I have several friends with doctorates in various fields. They are qualified to be addressed as Dr., but few of them demand to be titled this way. I honor and recognize their achievement, but still call them by their first names. It is not because I disrespect them, but because their significance to me is not their title or achievement, but our relationship.

Jesus spoke about those who desire the title of rabbi, teacher, or father. He criticized the clergy of his day, saying that they don’t practice what they teach and concludes: They love to receive respectful greetings as they walk in the marketplaces, and to be called ‘Rabbi.’ Don’t let anyone call you ‘Rabbi,’ for you have only one teacher, and all of you are equal as brothers and sisters.

During an exchange with the Pharisees, Jesus turns to the future leaders of His Church to warn them. He instructs the apostles to steer clear of trying to gain recognition, praise, or honor from people by seeking titles. He notes how the Pharisees used titles to promote their importance.

Pastors and church leaders deserve godly respect. Paul charged the Thessalonican congregation to respect and appreciate their leaders for the work they do. Now we ask you, brothers, to give recognition to those who labor among you and lead you in the Lord and admonish you, and to regard them very highly in love because of their work.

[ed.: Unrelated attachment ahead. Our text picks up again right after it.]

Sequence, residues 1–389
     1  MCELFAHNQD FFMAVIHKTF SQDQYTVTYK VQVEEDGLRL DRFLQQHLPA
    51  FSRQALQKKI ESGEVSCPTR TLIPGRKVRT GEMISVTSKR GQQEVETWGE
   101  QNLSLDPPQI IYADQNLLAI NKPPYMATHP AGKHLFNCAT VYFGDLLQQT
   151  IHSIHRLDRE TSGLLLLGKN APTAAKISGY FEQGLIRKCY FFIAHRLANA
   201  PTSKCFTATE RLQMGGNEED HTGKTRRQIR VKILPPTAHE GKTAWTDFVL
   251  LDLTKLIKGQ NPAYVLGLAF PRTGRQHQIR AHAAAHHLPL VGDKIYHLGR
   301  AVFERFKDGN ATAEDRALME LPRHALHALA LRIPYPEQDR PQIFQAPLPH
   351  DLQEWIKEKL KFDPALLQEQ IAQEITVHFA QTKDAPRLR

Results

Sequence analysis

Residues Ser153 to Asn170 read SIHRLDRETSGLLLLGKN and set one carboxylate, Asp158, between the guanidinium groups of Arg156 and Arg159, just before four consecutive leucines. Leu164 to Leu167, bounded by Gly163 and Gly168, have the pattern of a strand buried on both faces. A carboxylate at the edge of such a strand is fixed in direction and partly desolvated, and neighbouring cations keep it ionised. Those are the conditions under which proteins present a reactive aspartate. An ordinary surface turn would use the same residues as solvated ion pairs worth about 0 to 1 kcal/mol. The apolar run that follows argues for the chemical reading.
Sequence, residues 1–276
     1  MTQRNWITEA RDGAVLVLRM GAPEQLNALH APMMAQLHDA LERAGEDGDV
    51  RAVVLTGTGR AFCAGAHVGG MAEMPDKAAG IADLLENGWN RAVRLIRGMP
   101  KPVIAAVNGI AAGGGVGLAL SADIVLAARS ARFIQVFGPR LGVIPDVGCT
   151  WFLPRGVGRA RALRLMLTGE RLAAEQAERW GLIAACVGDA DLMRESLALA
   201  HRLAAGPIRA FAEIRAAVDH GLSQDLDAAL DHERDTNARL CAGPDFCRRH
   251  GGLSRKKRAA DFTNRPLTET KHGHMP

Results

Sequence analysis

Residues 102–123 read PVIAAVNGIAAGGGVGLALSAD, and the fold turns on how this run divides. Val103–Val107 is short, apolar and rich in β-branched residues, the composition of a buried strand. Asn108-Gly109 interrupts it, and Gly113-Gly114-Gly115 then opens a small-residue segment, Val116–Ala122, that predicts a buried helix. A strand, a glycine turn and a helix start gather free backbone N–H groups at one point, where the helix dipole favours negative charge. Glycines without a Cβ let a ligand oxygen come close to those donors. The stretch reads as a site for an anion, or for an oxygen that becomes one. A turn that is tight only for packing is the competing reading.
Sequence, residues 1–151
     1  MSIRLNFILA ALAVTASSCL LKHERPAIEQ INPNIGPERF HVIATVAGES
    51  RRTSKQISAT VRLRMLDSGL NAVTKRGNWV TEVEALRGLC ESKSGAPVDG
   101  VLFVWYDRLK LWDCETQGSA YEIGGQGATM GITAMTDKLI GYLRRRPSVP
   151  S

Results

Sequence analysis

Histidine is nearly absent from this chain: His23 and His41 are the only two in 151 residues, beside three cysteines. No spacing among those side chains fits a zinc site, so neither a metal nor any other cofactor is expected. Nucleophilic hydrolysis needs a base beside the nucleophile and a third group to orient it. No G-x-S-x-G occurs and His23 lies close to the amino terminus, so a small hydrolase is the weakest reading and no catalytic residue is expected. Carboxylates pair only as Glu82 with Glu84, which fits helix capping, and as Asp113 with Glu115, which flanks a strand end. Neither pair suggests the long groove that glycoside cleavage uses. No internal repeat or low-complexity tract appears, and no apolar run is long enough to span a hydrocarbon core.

Respect is appropriate. I am not initiating a new crusade against titles, but we need to get real about who we are as pastors and church leaders.

I am an ordained minister. I own the reverend title, but seldom if ever use it. If I need the title to get respect, something is deficient in my character.

Unfortunately, we live in a day when you can attend a seminary, (in person or online), complete a course of study, earn the title of Reverend but remain an atheist!

There are seminaries throughout the world which pay professors to teach that scripture is irrelevant and outdated. Men and women graduate from religious institutions embracing beliefs contrary to fundamental Christianity. If a diploma qualifies a calling, we are in deep trouble.